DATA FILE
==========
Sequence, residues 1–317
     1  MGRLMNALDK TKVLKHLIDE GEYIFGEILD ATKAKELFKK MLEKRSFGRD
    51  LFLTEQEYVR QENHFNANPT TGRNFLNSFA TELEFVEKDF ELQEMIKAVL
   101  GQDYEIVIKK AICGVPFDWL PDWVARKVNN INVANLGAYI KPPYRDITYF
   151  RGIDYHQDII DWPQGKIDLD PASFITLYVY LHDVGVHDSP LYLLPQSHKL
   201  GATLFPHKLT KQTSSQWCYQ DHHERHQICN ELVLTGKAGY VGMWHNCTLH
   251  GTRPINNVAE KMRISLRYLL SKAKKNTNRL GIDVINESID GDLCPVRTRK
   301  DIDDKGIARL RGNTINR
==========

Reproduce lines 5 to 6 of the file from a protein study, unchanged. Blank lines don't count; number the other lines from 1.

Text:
   151  RGIDYHQDII DWPQGKIDLD PASFITLYVY LHDVGVHDSP LYLLPQSHKL
   201  GATLFPHKLT KQTSSQWCYQ DHHERHQICN ELVLTGKAGY VGMWHNCTLH